Secondly, Nature shews it: The Image of this Govern­ment is to be seen in Sensitive and Inanimate Creatures: there are in them [...], as the Philoso­pher calls them, some faint adumbrations and resemblances of this Polity; as for Example, There is but one Sun, in the Firmament. Among Birds, the Eagle hath the Su­premacy: [Page 13] and therefore, because of his Dominion and Soveraign'ty over other Birds, you will find in Scripture, Kings are compared with it; particularly the King of Babylon, is shadowed out under the similitude of a Great Eagle: Among Beasts, the Lyon is Lord Paramount; if you dive into the Sea, there you will see a King of Fishes; In the Common-wealth of the Bees, there is one that is the King: In the Microcosm of Man, you may observe the same thing; Several Members do their homage and ser­vice to one Body, the several Senses of the body are go­verned by one Mind; and one Reason moderates all the various and manifold Affections of the mind.

Thirdly, Art, which imitates Nature, doth affect this political frame: In a Family, you know, there is but one Master; in an Army, but one General; in a Ship, but one Governour: And so, One King amongst the people.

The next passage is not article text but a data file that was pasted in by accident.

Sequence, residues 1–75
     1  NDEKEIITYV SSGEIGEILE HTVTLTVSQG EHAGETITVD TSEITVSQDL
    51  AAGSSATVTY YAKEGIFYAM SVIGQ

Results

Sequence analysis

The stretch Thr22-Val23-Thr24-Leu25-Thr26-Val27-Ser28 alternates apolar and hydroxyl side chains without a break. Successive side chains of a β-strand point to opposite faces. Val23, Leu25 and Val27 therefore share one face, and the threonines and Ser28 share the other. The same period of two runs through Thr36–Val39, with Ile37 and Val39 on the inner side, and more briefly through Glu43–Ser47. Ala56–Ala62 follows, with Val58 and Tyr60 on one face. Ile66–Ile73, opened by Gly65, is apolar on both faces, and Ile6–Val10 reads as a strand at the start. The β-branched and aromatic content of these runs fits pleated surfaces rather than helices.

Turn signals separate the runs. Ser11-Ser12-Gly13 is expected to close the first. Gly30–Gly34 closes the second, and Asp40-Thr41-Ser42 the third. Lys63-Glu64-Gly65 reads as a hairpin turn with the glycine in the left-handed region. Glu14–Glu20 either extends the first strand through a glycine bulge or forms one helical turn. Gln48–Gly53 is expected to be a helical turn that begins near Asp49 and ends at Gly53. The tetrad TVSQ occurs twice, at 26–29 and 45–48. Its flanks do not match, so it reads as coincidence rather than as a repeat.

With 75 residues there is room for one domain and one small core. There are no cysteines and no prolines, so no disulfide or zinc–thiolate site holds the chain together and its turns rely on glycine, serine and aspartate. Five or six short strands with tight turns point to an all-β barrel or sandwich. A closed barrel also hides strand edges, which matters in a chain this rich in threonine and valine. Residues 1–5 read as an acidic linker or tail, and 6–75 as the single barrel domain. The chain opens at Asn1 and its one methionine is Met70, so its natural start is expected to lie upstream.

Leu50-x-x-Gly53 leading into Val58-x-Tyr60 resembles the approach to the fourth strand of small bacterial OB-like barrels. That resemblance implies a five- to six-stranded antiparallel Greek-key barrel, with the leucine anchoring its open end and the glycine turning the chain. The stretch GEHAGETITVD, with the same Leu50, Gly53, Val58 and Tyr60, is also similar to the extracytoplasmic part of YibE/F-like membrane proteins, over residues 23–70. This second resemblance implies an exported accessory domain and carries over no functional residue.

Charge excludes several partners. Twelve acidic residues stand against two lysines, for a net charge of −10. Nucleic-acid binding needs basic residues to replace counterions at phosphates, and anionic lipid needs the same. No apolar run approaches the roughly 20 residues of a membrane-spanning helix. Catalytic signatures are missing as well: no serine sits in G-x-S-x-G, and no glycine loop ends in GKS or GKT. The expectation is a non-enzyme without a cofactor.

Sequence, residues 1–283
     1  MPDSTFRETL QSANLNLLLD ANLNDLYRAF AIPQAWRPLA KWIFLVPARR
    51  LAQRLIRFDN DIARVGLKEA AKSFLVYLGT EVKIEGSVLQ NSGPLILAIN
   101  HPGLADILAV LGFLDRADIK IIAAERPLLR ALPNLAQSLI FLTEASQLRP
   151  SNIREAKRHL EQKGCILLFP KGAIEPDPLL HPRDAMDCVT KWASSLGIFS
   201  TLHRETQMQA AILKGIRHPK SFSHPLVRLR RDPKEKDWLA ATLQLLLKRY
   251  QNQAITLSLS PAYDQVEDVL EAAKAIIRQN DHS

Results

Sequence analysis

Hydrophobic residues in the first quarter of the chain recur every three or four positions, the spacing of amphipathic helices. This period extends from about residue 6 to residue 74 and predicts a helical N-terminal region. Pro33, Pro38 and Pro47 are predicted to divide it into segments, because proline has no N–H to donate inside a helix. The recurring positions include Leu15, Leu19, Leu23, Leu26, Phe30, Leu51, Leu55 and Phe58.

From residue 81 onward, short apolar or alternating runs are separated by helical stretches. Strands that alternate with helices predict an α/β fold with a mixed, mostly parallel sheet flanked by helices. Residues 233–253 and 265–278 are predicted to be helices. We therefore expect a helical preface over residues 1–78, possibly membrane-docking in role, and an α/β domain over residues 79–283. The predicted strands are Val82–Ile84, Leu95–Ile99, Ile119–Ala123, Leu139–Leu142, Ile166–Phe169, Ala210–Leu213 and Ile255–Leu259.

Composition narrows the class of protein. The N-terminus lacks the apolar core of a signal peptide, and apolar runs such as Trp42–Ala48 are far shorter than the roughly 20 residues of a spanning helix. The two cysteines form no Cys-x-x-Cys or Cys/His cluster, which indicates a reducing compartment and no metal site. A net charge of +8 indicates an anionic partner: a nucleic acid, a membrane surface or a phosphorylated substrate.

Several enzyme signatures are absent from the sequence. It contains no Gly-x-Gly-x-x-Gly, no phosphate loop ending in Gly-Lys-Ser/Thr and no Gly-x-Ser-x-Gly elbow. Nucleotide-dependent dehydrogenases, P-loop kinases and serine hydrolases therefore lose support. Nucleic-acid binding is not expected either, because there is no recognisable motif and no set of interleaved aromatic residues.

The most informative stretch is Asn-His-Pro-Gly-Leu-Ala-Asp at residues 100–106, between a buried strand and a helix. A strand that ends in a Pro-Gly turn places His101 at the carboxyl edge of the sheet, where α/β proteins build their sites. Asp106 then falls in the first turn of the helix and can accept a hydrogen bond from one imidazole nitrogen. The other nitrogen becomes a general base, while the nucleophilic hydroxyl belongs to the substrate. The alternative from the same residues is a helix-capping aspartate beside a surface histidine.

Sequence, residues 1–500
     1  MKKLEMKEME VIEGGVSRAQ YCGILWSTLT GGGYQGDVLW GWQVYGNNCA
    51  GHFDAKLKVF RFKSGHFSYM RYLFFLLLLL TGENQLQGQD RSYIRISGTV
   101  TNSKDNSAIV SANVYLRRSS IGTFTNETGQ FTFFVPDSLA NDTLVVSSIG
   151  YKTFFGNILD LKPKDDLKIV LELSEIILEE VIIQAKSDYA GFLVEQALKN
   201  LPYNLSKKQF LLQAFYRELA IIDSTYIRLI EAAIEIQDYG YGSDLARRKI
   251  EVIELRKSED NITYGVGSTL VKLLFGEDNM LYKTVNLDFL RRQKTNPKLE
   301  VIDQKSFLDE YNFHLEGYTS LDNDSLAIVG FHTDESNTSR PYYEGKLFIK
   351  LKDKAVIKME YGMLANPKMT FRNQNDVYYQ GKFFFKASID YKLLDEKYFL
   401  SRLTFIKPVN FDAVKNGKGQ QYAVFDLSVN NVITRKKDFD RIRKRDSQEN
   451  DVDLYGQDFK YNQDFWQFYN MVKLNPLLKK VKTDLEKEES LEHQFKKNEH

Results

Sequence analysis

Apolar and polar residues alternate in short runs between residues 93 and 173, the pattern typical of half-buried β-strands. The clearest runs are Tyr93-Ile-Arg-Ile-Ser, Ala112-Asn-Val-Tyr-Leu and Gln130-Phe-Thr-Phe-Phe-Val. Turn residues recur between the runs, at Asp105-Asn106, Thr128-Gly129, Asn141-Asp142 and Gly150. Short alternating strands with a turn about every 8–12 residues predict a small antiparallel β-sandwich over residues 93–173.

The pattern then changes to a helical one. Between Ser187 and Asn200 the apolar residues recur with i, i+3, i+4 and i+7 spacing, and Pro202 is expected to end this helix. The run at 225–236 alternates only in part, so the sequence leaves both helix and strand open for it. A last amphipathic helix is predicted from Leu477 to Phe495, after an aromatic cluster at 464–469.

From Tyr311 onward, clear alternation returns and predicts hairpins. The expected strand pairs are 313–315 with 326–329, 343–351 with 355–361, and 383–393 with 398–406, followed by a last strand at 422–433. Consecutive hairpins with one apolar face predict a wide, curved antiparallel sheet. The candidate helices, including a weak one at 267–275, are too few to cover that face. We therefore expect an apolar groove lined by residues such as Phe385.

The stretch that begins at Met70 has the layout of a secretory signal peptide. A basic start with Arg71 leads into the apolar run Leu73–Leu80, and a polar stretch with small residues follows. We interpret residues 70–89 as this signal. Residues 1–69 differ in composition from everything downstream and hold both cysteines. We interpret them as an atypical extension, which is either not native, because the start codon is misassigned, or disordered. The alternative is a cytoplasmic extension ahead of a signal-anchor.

Last of all, Experience doth irrefutably evince the truth of this Assertion; Consult all Authors that are most skilful in Politicks, and they will all tell you that Monar­chy doth excel all other Governments; To begin with Homer, doth not he say [...]. Hear what Aristotle speaks, that Lynceus of all political Science, [...] Monarchy, saith he, is to be pre­ferred as the most Divine Government; and, to name no more, although I could heap up infinite testimonies in this kind; take, in the last place, that lofty Athenian Poet Euripides, doth not he sing to the same Tune? [...] Two Governours (saith he) cannot stand together in one Kingdome, for it would be an occasion of Sedition and Commotion: But why do I spend time in giving you proofs in this kind? when [Page 14] Holy Writ it self, doth so pregnantly conclude the same thing? You read Judg. 21 In those dayes there was no King in Israel, and what follows? Every one aid what was right in his own eyes. Observe the words, for they are very Em­phatical; It is not said, There was no Government in those dayes, but they wanted Monarchy the most excellent Government, and this was the cause of all disorder both in Church and State; for the words, without any streining, will bear that Construction, viz. Every one did what was right in his own eyes, [...] So the Arabick Translation renders it, that is, Quod libebat, Every man did what he list; Mary, (may some say) there was a brave time indeed; that was a great privilege, For a man to be sui Juris, to act without control; Alas! that which you call priviledg is a great and sad Judgment, as you may see by compa­ring this place with the 78 Psalm, where it is said, God gave them their own desires, speaking of the peo­ple of Israel; and what followed? In the 31 Verse, you shall find, that The Wrath of God came upon them and slew them; Such a Liberty as this, for a Man to have his full Swinge in a Licentious Course, is worse than bon­dage; for, the greatest freedom in the World is to be able to do nothing but what we should do: Again, the Tryal that hath been made of other Governments both abroad and at home, will abundantly commend the excellency of this above any other: for, Contraria juxta se posita magis eluc [...]s [...]unt, is a Rule in Logick, Contraries do best appear, when most directly opposed. Travel into the Roman Empire, and you will find it verified there: The Romans when they shook off their Government by Kings, History testifies, they had so many Changes, that in the space of 600 years, [Page 15] they tryed all forms and kinds of Government in the world: Of Two, by their Consuls▪ of Three, by their Trium­virate; of ten thousand, by their Tribunes: But when they found that the further off they departed from Mo­narchy they lost themselves, and were involved still in greater mischiefs and dissentions, at last they set up One pro unâ vice unoque anno. These were their Dictators, and in time they grew to be Perpetual: which Perpetuity begat Monarchy. But what need we travel so far, when we here in this Nation, have had such sad and woful expe­rience of the truth thereof, in our late miserable confused Anarchy? when that [...], as Plato calls the un­ruly Multitude, The many headed Hydra, did reign, shall I say, or rather rage? when, like the great Leviathan it played his pranks among us. Truly did, that Glorious Martyr of ever-blessed memory, K. Charles the first, pro­phesy concerning this Government, in that incompara­ble Treatise of his [...]. As it makes a shew, saith he, to the People to have more eyes to sorcsee, so they will find it hath more mouths too, which must be satisfied; and, at best, is rather a monstrosity than any thing of perfection be­yond that of right Monarchy; where Counsell may be in many as the Senses, but the supreme power can be but in one as the Head. But I shall not need to labour in such a plain thing, which carries its Evidence with it: You have heard, We have Monarchy the most excellent Go­vernment: Now, Gentlemen, give me leave to tell you, as a further degree of our happiness, That the best kind of Monarchy obtaineth in this Kingdome: Bear with me a little, if I be too long in these things, I shall be very short in the other part of the Charge touching your Enquiries; [Page 16] But I would fain speak something to this Point, because it may be of no little use to you and others, to establish them in an obediential frame of Spirit. For as it is in Re­ligious matters, so it holds in Political too; that one which is not well grounded in the Fundamentals of polity and government, will quickly fall away, and become a Re­bel to his King; as he that is not well rooted and instru­cted in the first Principles and grounds of Religion, will prove an Apostate, and fall away from the Truth which he prefessed: We have, I say, absolute Monarchy, and herein we differ from the Lacedemonian-Kings, who were subject to their Ephori, which had a power above them: No, Oursagrees with the Persian-Government; for, their King had plenary power in all things, not subject to be called to account by any person whatsoever: and so is ours, if you will believe Cambden, a famous Antiquary; who saith, That the King of England, supremam potestatem, & merum imperium habet, He hath supreme power and abso­lute Command in his Dominions; and So Bracton, a sage profound Lawyer, in ancient time, speaks to the same purpose, Omnis quidem sub Bege, & ipse sub nullo, sed tan­tum sub Deo: So that it is an unquestionable truth, that the King is subject to no over-ruling power of man, and that he is free from all humane Coercion and Restraint, I do the rather insist upon this; because of those sediti­ous jesuitical Principles, that were infused into the minds of the Credulous vulgar, in the times of Confusion, by some Ambitious Democratical, Antimonarchical men; namely, That, Constituens est prius Constituto, Rex singu­i [...] major, universis minor; that The King is greater than any particular single man, but less than the whole Body of men [Page 17] in a Nation. What an absurd Tenet this is, will easily ap­pear if it be duly examined; I would fain know of these men, whether the King is not bound as much to protect all his Subjects universally, as to protect any one singly; and are not all then bound no less universally than singly to honour the Kings Sacred Person, obey his Commands, and assist and defend him in all dangers? And another new devised State Quirk they had, to wit, That the King cannot be without the People, but the People may be without a King; and so conclude hence, The People are more excellent than the King. If there be any force in this way of arguing, by the same reason it will follow, that a Flock of Sheep are more Excellent than a Man, because the Shepherd is found out for the Sheep, and not the Sheep for the Shepherd; for if there were no Flocks of Sheep, there would be no need of a Shepherd. What a strange Inconsequence there is in this kind of Ar­gument you may easily discern. This makes as much to the purpose, as that Parson's argument, who would un­dertake to prove the Parish must pave the Church and not he, because it was written in the Prophet, Paveant illi, Ego non paveo; or, that no man ought to have the Sign of the King's-Head, Queens-Head, &c. hanging at his Dore, because the Scripture saith, There shall be no sign given but the Sign of the Prophet Jonas: We had need be careful, we be not infected with such Sectarian Prin­ciples, these are dangerous Sophisms that lead the way to Rebellion, and tend to the Alteration and Subversion of Government; therefore as an Antidote and Preserva­tive against such poysonous Positions as these, I shall pre­scribe you to take the wholsome Advice, which Solomon [Page 18] gives: Fear God, and Honour the King, and meddle not with them that are given to change: or as the Hebrew hath it [...] that is, with Rebels and Seditious persons, for the word in that language signifies both the former and latter.